As we have discussed before, you should always make sure that any session you design with time travel in mind should have a planned structure – a focused view rather than a wide angle.
This prevents damage to your established story. Below, we’re going to look at some sample scenario structures that play with time and how to run them for a unique experience.
These scenarios aren’t like a lot of ideas you see for games, so forgive me if it gets a little wordy, but it is necessary to explain the crux of each idea. Rest assured they’ve all been table tested.
In Short: In this set up, characters who can already time travel create a paradox, which has repercussions for the time stream. They must fix it. I like this idea because it is about the structure of time and allows players to really have to think about stuff.
Set up: This scenario structure assumes that players already have some form of time travel. During a time travel visit, they give something to a past NPC that was originally given to them by the NPC in their time.
Weird Time Thing: This trade can also happen between two unwitting NPCs. What it does is robs the item of an origin point. If John Gives Laura a hat and then Laura goes back in time and gives it to John in the past, the hat just exists without a point of beginning. This creates a paradox.
Development: Have it not be a thing for a while, then have quirks start showing up. Upon investigation, the group discover the paradox is creating a loop in time and… there are things living inside the loop. It’s a fold in time where impossible futures are spewing out. Time is unravelling, and the heroes must do something before the things hidden outside time invade. They then find out the loop was created by them.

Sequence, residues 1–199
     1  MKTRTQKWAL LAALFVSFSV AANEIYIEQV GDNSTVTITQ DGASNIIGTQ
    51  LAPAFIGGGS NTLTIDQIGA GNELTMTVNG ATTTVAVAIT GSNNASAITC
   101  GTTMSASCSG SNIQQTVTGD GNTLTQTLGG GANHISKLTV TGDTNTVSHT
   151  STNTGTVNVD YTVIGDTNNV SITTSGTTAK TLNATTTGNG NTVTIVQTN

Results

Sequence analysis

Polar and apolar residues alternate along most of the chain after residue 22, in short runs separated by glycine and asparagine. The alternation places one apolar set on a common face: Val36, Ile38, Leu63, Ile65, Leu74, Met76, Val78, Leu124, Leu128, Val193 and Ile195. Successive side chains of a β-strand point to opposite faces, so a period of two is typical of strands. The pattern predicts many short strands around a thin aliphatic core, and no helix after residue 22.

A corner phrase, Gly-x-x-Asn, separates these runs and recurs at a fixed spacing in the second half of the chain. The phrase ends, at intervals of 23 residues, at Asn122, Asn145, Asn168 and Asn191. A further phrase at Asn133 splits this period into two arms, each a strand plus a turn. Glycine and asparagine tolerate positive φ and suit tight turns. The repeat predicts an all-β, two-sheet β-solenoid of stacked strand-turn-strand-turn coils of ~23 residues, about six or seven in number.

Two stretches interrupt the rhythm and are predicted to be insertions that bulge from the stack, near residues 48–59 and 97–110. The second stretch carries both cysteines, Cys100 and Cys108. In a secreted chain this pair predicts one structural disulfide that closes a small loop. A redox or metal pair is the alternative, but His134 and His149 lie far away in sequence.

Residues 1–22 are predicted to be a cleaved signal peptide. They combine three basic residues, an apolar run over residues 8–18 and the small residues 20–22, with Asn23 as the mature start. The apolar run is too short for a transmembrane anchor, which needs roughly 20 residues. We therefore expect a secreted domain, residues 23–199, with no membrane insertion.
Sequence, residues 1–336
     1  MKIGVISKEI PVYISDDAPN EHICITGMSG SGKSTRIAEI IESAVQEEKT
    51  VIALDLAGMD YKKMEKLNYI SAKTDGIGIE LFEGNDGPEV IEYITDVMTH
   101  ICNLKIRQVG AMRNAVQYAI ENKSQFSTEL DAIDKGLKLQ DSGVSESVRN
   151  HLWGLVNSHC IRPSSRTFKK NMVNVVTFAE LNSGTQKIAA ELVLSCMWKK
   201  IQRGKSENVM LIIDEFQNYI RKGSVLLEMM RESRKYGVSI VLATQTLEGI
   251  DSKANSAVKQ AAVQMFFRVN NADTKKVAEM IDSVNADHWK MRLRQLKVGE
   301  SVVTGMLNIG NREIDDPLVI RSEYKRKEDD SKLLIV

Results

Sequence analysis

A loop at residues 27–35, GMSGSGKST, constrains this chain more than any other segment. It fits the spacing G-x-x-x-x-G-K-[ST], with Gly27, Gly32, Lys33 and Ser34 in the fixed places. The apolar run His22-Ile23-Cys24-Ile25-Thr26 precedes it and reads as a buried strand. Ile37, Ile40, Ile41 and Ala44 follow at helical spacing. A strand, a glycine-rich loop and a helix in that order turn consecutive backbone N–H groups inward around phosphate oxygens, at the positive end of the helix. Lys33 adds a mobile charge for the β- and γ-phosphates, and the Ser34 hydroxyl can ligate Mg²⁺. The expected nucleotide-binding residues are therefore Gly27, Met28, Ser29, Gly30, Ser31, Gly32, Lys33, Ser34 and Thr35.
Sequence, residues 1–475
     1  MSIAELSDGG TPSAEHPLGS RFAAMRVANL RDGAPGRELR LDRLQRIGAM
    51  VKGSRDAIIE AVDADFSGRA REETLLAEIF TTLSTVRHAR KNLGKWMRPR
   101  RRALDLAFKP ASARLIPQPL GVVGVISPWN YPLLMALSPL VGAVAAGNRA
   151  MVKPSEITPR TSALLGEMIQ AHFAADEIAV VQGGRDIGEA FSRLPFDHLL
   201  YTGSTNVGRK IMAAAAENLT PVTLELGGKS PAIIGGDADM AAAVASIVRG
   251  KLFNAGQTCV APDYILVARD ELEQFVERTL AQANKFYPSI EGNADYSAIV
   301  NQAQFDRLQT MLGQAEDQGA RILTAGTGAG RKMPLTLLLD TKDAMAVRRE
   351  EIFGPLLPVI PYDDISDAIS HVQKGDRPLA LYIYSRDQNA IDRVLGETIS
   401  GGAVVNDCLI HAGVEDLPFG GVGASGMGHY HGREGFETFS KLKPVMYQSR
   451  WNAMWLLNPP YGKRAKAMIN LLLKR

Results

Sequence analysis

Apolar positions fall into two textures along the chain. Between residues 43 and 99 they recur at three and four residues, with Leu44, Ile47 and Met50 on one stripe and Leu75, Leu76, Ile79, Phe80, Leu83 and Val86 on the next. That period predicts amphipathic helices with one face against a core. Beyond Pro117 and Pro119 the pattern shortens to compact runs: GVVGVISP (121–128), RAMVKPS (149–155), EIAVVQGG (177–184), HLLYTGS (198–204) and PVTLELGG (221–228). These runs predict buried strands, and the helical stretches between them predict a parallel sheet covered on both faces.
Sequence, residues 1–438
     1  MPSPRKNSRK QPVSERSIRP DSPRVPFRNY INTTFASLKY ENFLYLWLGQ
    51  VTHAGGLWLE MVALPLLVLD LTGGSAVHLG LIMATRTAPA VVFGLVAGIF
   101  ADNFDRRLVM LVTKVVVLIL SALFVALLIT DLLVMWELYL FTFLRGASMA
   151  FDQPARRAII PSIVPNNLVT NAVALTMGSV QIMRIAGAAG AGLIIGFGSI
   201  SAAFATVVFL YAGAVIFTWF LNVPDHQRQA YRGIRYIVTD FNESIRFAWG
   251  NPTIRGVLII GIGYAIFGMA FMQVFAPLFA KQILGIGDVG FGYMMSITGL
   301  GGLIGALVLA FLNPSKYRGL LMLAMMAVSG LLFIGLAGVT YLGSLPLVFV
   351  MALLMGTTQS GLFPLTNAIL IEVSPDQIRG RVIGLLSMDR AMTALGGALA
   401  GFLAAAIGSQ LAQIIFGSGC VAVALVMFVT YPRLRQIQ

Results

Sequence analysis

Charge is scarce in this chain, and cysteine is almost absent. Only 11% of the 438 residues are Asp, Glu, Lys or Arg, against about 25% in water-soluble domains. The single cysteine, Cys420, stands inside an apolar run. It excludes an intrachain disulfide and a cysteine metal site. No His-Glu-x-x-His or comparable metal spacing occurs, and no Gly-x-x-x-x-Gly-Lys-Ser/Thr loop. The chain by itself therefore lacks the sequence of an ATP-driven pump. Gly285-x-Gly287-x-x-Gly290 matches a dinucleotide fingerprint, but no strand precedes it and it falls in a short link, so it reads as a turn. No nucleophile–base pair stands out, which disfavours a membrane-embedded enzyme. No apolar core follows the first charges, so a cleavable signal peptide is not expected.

Conclusion: There’s lots of ways to deal with this problem. Clever groups might travel back to a different point and fix a timeline, in the above example, distracting Laura before she gives the hat away and swapping out a new similar looking hat for the original, creates a proper timeline for the hat, but it also possible for a group to just invade the time loop and take the fight to whatever is living inside. ‘Invasion of the city beyond time’ is a pretty good storyline.
Epilogue: If the group manage to collapse the loop, what happens to the reality inside of it? Did it ever exist?
Back And Forth
In Short: In this set up, characters don’t travel around in time but the players do. In a series of nested flashbacks and forwards, we can tell a story of three generations of heroes.
Set up: Begin by telling your players this story is going to involve three generations of heroes and outline that the story is being told by three sets of people. For example, if you have a story set in the modern era, they might need to make heroes based in the 1960s and Victoriana era. If this is an ongoing campaign, you can just make two extra characters.
Weird Time Thing: Begin in the modern era, then have them discover a threat and a journal entry that jumps back to the middle era, then have the second group discover records of an earlier group. Then switch back to the modern group. Information from all three time periods has no been revealed.
Development: But this time have the modern group find a plot thread about the first group. This time, have the flashback with the earliest group finding a mystic vision/time based problems of the middle group so the information is presented differently here, but the modern group now have a lot of answers from the past.